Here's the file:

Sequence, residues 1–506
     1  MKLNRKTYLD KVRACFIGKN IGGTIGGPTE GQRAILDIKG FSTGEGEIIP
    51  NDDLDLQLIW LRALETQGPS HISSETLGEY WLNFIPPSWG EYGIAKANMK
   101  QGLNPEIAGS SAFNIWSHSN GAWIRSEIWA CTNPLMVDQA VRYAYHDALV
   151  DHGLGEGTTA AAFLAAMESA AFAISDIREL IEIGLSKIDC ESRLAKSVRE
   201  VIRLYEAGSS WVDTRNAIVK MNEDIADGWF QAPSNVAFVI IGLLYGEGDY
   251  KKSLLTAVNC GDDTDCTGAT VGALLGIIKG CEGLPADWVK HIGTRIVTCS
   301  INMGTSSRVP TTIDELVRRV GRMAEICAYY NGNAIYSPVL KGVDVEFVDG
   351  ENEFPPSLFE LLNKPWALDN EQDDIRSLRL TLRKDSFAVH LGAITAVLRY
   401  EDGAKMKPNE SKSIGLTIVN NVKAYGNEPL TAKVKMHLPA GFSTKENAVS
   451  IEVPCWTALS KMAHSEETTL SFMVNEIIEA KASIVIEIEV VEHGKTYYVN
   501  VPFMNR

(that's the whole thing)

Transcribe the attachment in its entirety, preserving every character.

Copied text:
Sequence, residues 1–506
     1  MKLNRKTYLD KVRACFIGKN IGGTIGGPTE GQRAILDIKG FSTGEGEIIP
    51  NDDLDLQLIW LRALETQGPS HISSETLGEY WLNFIPPSWG EYGIAKANMK
   101  QGLNPEIAGS SAFNIWSHSN GAWIRSEIWA CTNPLMVDQA VRYAYHDALV
   151  DHGLGEGTTA AAFLAAMESA AFAISDIREL IEIGLSKIDC ESRLAKSVRE
   201  VIRLYEAGSS WVDTRNAIVK MNEDIADGWF QAPSNVAFVI IGLLYGEGDY
   251  KKSLLTAVNC GDDTDCTGAT VGALLGIIKG CEGLPADWVK HIGTRIVTCS
   301  INMGTSSRVP TTIDELVRRV GRMAEICAYY NGNAIYSPVL KGVDVEFVDG
   351  ENEFPPSLFE LLNKPWALDN EQDDIRSLRL TLRKDSFAVH LGAITAVLRY
   401  EDGAKMKPNE SKSIGLTIVN NVKAYGNEPL TAKVKMHLPA GFSTKENAVS
   451  IEVPCWTALS KMAHSEETTL SFMVNEIIEA KASIVIEIEV VEHGKTYYVN
   501  VPFMNR